Missouri bill with tax breaks for certain trucks moves to governor

| 6/12/2007

A bill on Missouri Gov. Matt Blunt’s desk includes a provision that would offer tax breaks for certain trucks. It also would modify rules for household movers.

A separate bill died that sought to offer tax breaks for highway contractors.

House and Senate lawmakers sent a bill to the governor’s desk that would clarify the common carrier sales tax exemption for the purchase trailers and motor vehicles, provided the motor vehicles have gross weights of 24,000 pounds or more.

Missouri law now applies the exemption only if the common carrier operates solely in interstate commerce. The bill – SB30 – would make the exemption applicable to both intrastate and interstate commerce.

The bill also would allow common carriers of household goods to file applications to the State Highways and Transportation Commission for approval of rates to reflect increases and decreases in the carrier’s costs.

In addition, it would repeal “the exemption allowing intrastate household goods movers to operate wholly in municipalities, between contiguous municipalities, or commercial zones” without having to obtain operating authority from the Missouri Department of Transportation. Currently, household movers are exempt from the rules and regulations if their operations are restricted to those described areas.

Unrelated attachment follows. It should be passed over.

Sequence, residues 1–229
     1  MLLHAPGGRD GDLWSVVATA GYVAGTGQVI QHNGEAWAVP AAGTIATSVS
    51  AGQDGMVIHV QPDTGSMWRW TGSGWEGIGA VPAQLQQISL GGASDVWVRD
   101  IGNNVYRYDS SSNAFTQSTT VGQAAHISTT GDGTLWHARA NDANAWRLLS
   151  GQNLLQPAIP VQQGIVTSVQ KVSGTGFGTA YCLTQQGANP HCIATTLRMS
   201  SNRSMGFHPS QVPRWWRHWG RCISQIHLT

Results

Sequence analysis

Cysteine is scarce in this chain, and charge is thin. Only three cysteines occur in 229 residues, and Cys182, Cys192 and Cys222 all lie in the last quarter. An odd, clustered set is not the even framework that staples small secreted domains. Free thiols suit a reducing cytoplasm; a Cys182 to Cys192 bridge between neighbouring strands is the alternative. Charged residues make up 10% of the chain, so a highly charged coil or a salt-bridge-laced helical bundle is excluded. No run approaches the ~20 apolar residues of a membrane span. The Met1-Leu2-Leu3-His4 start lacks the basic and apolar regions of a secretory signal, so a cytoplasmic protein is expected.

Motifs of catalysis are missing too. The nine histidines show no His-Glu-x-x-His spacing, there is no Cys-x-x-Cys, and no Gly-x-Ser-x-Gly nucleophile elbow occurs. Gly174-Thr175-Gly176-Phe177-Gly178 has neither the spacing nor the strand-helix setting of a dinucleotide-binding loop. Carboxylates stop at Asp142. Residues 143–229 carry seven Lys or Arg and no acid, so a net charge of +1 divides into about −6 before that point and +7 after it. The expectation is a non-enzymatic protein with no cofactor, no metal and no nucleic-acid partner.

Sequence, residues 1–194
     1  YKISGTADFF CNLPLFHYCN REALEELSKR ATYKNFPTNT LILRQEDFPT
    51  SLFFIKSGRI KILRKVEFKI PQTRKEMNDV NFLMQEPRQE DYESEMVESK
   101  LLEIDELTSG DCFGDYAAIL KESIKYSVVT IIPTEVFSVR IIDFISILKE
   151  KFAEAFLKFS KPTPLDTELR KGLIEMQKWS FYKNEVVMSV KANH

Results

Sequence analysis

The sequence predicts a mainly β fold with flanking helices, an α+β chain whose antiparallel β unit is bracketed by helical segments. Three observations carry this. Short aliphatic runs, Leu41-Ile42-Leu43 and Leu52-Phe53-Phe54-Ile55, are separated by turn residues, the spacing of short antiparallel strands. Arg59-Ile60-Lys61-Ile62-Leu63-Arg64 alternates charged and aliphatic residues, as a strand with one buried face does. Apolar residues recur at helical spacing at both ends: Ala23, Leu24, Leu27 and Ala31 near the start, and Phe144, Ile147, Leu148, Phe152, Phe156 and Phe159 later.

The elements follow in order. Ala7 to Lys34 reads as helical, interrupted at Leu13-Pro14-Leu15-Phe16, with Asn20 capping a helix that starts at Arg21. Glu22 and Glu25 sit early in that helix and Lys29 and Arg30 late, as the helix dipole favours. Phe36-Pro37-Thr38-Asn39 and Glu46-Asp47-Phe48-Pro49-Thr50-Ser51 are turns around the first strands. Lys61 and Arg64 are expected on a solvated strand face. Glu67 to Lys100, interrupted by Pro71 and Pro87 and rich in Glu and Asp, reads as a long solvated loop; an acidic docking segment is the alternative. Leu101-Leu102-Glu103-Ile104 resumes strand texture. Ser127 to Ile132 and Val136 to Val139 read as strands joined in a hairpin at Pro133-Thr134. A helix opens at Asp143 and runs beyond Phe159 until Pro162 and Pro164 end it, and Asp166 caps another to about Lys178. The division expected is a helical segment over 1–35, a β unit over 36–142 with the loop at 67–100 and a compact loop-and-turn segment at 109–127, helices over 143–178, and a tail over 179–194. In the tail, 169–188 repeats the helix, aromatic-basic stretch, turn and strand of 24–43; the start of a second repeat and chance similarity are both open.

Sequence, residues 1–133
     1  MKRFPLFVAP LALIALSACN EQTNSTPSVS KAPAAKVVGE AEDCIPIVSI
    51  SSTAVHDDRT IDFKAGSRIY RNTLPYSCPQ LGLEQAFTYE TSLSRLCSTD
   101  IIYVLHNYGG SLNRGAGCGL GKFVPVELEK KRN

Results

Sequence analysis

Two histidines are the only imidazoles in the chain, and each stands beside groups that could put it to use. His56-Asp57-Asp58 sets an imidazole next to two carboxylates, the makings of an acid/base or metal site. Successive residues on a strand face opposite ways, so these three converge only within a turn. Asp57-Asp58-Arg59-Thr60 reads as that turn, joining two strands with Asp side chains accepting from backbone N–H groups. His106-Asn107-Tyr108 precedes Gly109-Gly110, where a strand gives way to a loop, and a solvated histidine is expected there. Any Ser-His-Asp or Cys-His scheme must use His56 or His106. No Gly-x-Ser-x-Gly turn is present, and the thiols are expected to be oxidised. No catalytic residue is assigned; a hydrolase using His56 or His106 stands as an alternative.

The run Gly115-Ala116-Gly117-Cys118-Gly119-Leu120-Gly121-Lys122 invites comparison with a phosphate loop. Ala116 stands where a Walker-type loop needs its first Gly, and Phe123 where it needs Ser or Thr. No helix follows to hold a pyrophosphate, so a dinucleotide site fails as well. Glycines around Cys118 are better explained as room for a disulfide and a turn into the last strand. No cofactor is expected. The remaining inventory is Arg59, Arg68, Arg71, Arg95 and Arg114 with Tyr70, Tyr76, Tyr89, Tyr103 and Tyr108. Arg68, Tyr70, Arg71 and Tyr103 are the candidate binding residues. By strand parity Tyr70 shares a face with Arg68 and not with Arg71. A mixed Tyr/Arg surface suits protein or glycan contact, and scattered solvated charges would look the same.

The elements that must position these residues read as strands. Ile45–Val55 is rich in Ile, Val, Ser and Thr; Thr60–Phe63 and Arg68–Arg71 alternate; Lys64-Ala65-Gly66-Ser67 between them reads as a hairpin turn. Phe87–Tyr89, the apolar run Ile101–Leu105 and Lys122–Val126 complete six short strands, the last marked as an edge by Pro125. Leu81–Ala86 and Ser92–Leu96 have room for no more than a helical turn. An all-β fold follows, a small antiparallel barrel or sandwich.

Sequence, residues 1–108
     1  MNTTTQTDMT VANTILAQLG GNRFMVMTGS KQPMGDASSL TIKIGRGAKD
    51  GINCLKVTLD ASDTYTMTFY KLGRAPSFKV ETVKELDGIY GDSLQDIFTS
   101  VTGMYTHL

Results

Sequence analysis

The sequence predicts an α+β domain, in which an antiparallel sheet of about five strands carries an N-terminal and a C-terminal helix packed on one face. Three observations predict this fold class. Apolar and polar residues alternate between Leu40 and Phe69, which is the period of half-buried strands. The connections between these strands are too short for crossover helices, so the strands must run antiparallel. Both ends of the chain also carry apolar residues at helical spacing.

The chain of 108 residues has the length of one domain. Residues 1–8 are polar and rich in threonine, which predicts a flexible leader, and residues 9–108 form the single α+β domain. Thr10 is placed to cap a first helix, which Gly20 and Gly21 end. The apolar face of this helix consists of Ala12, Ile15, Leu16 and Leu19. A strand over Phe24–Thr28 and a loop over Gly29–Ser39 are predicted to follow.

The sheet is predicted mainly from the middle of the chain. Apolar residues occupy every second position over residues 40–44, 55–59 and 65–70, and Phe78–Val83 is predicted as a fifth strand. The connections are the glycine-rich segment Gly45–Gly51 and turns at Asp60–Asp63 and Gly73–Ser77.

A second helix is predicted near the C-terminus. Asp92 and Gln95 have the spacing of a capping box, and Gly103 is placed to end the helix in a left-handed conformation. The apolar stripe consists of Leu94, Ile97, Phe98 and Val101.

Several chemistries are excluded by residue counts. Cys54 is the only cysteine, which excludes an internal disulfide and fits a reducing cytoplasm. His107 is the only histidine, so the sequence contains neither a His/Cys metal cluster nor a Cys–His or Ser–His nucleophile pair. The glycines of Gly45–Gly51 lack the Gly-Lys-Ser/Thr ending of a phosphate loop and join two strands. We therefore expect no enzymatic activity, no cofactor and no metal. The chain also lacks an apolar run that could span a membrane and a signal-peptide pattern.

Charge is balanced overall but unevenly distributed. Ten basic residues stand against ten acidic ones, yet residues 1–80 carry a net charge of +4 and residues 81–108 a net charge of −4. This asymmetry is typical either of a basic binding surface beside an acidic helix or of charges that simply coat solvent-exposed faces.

Another Missouri bill died that was intended to reduce the cost of roadwork throughout the state. The bill – SB199 – had not yet received consideration on the House floor when the session ended, effectively killing it for the year. The Senate previously approved a separate version.

Contractors would have been exempted from paying sales tax on materials bought for highway projects.

Supporters said if Missouri contractors are freed from paying the tax they would be on a level playing field with out-of-state contractors, or those who go elsewhere for their supplies, The Associated Press reported. They also point out the Missouri Department of Transportation would save money because the sales tax paid to the state is factored in when contractors bid on projects.

The change in state law could be worth $37 million for the transportation department during the next three years, according to the latest fiscal analysis on the bill. That money could not be used for non-road needs, including mass transit, railroads or port improvements.

Eliminating the tax was expected to cost the state about $18 million in general revenue in the first year.